On the face of it, Dahaad (meaning roar) is a solid police procedural. There’s a serial killer, there’s an investigation, and there’s a cat-and-mouse chase. It’s an addictive watch for its form alone. This is no whodunit. There is no big twist. The identity of the culprit is no secret.
But the body of Dahaad is just a clever front for its sociocultural roar. The devil is in the details. The setting is the small town of Mandawa in Rajasthan. The first episode features the chaos of a more contemporary India. A Thakur girl has eloped with her Muslim lover, and the ruling party turns it into a political spectacle.
The defining image of this episode arrives when a lower-caste villager – whose missing sister is reduced to a forgotten file – joins the right-wing mob after being ignored at the police station. In an act of desperation, he wades through the crowd of flag-waving extremists and starts to chant with them. It’s like watching the origin story of a bigot in real time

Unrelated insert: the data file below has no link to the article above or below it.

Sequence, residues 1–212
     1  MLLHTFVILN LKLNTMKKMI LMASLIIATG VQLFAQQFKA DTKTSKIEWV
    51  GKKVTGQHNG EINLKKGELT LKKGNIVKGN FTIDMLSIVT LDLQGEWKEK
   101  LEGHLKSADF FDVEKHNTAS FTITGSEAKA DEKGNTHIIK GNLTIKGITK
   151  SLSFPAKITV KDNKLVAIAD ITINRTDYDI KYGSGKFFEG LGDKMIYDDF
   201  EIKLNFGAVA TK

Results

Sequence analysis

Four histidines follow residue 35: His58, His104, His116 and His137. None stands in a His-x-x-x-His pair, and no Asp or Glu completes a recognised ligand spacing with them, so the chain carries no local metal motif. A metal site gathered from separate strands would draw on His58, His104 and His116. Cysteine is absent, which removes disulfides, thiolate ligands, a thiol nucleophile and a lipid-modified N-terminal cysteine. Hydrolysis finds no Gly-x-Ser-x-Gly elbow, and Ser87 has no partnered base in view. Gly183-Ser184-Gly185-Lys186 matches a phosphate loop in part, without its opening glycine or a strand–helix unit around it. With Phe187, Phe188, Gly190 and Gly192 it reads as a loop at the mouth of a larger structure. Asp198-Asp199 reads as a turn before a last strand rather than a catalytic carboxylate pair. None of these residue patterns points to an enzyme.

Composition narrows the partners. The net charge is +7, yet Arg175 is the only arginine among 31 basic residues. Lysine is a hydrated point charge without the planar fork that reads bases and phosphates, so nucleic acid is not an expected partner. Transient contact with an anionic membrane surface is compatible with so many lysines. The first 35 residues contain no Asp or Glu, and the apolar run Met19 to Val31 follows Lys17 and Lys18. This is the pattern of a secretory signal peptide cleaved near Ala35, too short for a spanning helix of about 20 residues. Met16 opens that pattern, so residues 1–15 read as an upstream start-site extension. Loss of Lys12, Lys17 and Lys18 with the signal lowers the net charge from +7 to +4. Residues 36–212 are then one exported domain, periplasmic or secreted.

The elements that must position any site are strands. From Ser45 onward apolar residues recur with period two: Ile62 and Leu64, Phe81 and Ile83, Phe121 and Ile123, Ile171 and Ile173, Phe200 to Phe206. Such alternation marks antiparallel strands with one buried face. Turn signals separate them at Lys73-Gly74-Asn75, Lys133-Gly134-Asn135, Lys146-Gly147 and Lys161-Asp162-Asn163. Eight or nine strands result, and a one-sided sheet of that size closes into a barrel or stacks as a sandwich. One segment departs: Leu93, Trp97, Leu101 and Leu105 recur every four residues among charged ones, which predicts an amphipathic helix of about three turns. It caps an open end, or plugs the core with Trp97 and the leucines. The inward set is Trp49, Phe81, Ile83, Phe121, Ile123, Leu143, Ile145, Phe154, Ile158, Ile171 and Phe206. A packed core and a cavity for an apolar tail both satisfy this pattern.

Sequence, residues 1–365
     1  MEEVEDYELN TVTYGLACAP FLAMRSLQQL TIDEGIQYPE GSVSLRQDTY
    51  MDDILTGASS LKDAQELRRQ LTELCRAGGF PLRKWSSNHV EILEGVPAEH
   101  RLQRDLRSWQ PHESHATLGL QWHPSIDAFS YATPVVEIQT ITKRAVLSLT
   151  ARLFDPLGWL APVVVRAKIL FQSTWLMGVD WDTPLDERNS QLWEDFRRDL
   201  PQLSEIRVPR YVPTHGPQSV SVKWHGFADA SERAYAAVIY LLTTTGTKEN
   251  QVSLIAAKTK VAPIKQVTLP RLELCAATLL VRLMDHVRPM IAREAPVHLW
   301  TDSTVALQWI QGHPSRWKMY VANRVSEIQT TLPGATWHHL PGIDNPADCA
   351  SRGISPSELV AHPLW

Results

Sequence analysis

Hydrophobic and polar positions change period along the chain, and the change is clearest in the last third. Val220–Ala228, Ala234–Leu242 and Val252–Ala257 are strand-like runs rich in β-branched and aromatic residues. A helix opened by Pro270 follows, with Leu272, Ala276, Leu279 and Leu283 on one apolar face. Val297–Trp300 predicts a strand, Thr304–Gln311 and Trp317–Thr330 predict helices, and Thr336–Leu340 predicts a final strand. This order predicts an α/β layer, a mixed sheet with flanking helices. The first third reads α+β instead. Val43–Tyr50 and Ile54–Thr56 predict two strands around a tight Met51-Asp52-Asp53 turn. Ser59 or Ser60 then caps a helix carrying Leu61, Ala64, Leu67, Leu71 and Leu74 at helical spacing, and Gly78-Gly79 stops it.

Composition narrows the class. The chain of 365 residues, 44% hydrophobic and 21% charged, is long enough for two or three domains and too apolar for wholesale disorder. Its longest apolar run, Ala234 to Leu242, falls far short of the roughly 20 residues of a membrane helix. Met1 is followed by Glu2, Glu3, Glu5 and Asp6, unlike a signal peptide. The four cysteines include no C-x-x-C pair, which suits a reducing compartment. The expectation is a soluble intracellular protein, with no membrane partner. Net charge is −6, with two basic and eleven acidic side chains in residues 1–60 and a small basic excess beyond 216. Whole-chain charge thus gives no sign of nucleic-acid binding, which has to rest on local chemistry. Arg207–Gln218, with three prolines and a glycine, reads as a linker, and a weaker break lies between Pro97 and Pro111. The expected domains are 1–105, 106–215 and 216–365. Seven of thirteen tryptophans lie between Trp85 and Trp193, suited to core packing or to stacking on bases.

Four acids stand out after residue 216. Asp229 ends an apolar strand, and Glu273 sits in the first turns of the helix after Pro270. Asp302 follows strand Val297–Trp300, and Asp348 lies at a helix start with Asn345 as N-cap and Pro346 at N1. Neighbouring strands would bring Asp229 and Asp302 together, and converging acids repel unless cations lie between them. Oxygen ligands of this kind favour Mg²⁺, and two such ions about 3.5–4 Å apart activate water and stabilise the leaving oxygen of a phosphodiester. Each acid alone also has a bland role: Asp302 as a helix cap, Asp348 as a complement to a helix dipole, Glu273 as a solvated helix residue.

Like someone who has read the news, studied his setting, stayed abreast with its politics, and perfected his pattern over time. Varma’s Irrfan-style calm and Nawazuddin-like edge combine to extend his Darlings character into the realms of cold-blooded obsession.
A lot of the show’s messages are explicitly spelt out by characters during verbal exchanges; Anjali, in particular, has this penchant for speaking in subtext. Sonakshi Sinha is well-cast as an imposing figure who overcooks her hostility to earn the respect (“Bhaati saab”) of her male colleagues.
Yet, in the larger scheme of things, these are minor quibbles. For a fictional story, Dahaad manages to summon the many strengths of fact-based shows like Delhi Crime. An example is how the case shapes the interpersonal relationships of those involved. Anjali and Devi share a mentor-protege bond, united by the smallness of the minds around them.